Monday, June 20, 2016


Titanborn by Rhett C. Bruno. Originally published by Hydra, an imprint of Random House, June 2016. Approx. 241 pages.

HachiSnax Note: I received an e-ARC of the book from the author in return for a fair and honest review. This is what I plan to offer. My assessment of the book will not be influenced in any way. Thanks for reading!

Almost two years ago I reviewed a book by Rhett Bruno, which was the first installment in an ambitious trilogy. It was called The Circuit: Executor Rising, and it was chock full of great world building concepts and thoroughly fleshed out characters.

So, you can probably understand my excitement at getting a chance to review his newest novel, which promised to be a nice, gritty little slice of bounty hunter sci-fi. Let's start with the blurb:

"In this gritty and innovative science fiction thriller, turmoil on one of Saturn’s moons rattles Earth’s most powerful citizens—and draws one planet-hopping rogue into a fight he never saw coming.

Malcolm Graves lives by two rules: finish the job, and get paid. After thirty years as a Collector, chasing bounties and extinguishing rebellions throughout the solar system, Malcolm does what he’s told, takes what he’s earned, and leaves the questions to someone else—especially when it comes to the affairs of offworlders.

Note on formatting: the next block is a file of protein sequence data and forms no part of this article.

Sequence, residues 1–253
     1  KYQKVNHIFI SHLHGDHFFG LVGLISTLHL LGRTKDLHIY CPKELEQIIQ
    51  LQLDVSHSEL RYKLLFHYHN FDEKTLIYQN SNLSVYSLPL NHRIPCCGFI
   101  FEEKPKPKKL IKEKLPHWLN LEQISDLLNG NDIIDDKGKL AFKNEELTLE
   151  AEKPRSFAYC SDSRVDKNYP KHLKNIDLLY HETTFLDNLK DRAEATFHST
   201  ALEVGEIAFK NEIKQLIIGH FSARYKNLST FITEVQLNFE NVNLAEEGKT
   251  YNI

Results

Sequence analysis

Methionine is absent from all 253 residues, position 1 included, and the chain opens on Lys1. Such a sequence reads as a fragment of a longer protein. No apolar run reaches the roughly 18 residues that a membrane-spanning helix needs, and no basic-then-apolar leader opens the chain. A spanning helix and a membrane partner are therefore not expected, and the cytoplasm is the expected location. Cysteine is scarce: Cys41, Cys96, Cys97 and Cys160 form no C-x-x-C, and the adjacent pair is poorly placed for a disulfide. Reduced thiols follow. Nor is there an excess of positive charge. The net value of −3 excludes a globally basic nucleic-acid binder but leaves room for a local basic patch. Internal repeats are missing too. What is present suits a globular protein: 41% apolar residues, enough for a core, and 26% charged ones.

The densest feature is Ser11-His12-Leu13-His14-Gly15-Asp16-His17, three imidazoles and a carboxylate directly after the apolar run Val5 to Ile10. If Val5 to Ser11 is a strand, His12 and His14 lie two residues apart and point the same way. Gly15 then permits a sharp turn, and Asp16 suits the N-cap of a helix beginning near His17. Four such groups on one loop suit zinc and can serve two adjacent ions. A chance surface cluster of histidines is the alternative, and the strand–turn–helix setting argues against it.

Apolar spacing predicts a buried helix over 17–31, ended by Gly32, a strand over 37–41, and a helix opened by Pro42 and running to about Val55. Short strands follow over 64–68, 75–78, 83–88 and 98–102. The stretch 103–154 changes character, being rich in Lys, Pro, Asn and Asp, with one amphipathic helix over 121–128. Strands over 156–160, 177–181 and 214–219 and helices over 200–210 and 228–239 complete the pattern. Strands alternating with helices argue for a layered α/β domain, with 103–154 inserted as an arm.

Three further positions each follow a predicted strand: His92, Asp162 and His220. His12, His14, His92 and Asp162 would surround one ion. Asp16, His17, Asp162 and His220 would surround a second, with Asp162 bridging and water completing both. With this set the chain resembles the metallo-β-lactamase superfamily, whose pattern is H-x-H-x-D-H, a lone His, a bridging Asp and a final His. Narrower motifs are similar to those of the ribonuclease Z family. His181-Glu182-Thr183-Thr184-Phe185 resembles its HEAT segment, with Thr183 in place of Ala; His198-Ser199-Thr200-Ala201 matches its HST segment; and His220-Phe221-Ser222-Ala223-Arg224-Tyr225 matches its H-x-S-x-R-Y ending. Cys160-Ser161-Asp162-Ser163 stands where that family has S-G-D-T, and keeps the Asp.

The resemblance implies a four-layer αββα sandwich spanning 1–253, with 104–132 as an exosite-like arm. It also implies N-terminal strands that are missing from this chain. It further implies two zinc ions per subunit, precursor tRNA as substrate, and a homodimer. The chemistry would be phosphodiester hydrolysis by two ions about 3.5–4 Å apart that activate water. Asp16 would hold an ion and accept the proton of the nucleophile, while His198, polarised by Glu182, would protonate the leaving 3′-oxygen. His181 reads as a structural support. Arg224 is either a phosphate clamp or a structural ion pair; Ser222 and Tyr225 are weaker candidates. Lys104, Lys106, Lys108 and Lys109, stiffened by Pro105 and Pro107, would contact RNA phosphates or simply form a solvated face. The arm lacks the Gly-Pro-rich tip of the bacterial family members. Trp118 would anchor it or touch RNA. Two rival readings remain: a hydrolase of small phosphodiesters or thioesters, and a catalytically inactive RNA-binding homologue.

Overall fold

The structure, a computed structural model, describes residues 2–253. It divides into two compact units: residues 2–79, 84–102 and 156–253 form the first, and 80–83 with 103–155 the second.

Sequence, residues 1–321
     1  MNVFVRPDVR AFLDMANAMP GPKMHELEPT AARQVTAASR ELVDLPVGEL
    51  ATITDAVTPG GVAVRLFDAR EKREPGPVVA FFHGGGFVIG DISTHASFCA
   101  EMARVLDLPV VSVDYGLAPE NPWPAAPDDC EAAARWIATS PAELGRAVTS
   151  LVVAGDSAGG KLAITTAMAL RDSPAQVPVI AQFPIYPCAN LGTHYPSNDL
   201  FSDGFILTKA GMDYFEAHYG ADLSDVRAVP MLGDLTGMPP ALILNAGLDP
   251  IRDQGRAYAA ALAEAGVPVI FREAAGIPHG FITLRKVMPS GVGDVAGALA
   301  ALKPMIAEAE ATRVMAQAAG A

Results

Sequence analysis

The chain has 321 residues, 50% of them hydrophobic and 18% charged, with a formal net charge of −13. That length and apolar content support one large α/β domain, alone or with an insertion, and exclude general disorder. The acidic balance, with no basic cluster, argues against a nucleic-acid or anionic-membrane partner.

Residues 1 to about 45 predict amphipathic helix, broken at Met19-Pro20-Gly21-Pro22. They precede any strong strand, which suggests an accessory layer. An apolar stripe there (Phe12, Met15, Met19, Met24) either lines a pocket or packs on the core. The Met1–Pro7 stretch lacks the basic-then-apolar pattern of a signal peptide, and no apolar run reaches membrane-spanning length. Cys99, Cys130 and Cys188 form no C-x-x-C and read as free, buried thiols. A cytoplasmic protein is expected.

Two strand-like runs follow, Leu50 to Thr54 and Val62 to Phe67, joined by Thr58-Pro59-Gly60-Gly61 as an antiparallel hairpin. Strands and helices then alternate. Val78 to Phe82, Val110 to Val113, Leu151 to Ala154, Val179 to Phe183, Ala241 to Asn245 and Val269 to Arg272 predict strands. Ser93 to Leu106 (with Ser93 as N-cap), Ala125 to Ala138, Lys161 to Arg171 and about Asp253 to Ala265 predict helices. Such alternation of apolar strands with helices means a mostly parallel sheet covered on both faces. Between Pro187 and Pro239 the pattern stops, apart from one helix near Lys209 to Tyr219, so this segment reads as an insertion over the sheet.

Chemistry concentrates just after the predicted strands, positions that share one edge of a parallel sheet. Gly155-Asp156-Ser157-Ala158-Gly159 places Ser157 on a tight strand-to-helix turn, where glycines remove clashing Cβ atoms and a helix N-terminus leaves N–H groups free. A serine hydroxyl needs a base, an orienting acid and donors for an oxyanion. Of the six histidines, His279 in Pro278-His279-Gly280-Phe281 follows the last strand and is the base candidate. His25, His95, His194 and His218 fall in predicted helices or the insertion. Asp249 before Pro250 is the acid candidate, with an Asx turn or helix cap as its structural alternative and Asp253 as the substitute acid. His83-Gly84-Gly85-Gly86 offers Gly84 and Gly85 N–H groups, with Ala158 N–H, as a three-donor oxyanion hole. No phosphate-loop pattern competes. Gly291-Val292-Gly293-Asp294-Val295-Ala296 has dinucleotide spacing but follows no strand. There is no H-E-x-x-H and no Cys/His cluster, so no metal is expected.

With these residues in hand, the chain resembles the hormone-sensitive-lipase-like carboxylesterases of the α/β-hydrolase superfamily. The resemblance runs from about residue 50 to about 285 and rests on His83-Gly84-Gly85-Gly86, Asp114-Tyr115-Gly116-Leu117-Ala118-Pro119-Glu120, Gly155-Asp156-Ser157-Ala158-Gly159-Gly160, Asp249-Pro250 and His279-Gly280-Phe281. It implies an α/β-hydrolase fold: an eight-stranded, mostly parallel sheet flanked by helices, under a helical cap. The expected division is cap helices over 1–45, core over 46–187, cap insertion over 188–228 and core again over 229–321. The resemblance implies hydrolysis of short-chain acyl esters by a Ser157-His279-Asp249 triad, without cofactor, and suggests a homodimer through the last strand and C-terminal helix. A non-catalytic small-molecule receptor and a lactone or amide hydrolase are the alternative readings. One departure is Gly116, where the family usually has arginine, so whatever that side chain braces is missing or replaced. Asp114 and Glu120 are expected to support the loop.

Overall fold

But his latest mission doesn’t afford him that luxury. After a high-profile bombing on Earth, the men who sign Malcolm’s paychecks are clamoring for answers. Before he can object, the corporation teams him up with a strange new partner who’s more interested in statistics than instinct and ships them both off to Titan, the disputed moon where humans have been living for centuries. Their assignment is to hunt down a group of extremists: Titanborn dissidents who will go to any length to free their home from the tyranny of Earth.

Heading into hostile territory, Malcolm will have to use everything he’s learned to stay alive. But he soon realizes that the situation on the ground is much more complex than he anticipated . . . and much more personal."

Ok, sounds great. Let's take a look at the book itself.